Easter marks the Resurrection of Jesus Christ from the dead. Within a matter of hours the news of what had happened transformed the disciples. It changed the course of history, and it continues to bring hope to men and women from every nation and in every part of the world.

Death was not the end of Christ's story; nor is it of ours. As Jesus was raised from the dead and appeared over and over again to his friends before he ascended to heaven, so those who entrust their lives to him will also be raised from the dead. That is why we celebrate the great day, and why we remember it thankfully Sunday by Sunday.

In Jesus, raised from the dead, we see eternity brought into the midst of this life; and this life caught up into eternity.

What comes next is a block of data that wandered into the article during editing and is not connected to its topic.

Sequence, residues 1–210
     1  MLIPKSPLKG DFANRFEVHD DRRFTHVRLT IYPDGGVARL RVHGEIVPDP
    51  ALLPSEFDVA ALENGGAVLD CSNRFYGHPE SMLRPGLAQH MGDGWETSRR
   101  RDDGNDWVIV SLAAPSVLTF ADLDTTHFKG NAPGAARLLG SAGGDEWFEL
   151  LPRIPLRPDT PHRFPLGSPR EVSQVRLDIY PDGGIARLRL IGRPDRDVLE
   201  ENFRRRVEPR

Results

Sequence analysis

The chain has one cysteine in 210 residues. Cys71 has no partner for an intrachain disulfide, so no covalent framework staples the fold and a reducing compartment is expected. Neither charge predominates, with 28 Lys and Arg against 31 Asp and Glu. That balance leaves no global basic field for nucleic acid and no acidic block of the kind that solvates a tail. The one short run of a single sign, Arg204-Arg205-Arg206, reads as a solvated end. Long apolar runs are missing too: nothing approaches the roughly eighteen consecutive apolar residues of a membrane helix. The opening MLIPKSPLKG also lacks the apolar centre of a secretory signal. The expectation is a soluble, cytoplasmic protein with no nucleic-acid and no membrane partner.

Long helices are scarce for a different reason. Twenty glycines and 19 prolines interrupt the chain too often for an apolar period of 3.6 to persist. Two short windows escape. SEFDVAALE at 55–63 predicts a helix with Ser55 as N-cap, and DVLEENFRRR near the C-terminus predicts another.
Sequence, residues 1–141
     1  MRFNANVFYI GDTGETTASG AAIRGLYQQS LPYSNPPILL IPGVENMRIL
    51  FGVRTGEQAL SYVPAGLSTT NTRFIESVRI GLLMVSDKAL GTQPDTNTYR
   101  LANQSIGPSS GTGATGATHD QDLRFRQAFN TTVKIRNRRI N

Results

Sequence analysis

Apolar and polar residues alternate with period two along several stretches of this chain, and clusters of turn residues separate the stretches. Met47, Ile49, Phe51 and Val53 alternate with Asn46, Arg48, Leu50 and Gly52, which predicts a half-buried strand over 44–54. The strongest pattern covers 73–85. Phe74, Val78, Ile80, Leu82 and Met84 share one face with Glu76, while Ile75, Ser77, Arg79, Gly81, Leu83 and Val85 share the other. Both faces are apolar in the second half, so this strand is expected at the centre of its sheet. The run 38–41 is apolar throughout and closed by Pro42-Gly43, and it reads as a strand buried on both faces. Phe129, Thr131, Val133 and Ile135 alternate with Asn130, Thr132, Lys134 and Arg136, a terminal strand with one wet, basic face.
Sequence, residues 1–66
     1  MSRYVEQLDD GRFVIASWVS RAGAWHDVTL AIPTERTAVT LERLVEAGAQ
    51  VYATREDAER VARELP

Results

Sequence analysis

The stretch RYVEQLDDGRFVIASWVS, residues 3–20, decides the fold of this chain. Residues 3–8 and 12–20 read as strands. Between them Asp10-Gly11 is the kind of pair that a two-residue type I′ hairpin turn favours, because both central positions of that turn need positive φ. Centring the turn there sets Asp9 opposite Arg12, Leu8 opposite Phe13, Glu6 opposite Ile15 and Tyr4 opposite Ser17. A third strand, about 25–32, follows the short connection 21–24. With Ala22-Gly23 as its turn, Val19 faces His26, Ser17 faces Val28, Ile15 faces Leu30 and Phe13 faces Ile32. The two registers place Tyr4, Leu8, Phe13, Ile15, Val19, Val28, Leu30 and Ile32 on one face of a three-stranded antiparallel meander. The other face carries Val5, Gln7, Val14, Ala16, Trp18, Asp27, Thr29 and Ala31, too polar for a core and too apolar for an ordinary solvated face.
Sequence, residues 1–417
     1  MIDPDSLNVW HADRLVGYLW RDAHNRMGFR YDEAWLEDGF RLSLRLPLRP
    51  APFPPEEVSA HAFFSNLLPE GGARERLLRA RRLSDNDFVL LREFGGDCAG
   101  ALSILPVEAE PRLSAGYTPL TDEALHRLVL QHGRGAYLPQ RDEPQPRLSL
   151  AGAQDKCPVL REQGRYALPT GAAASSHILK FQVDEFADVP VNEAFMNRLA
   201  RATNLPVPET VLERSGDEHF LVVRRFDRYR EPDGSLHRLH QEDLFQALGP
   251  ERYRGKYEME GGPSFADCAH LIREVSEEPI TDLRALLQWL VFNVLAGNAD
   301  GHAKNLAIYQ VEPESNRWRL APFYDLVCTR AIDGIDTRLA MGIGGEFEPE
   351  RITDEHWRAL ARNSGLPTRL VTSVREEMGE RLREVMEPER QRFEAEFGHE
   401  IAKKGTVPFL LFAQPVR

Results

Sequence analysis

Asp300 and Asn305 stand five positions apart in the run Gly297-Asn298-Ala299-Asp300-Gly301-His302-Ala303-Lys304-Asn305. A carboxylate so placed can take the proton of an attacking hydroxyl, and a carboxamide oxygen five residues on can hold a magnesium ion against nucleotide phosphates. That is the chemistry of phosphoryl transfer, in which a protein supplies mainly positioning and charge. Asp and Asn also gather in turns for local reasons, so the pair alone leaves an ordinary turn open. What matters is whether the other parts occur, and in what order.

Everything that was written about Jesus in the New Testament was penned by men who were completely convinced that, just as surely as he died on a cross at Calvary, he had been raised from the dead and was alive again. They were conscious of his presence with them wherever they were. The spread of the Church throughout the world and its continuation for two thousand years, is powerful evidence of the conviction so many people still share that Christ is the Son of God. He was not just a good man, a great teacher and a charismatic leader. He is our living Lord.

Your life and mine, and the things which absorb our attention day by day, will be erased from memory in a comparatively short time. But, because of what Jesus Christ said and did, we may be sure that we matter to God. He loves us and always will.

That is certainly something to celebrate!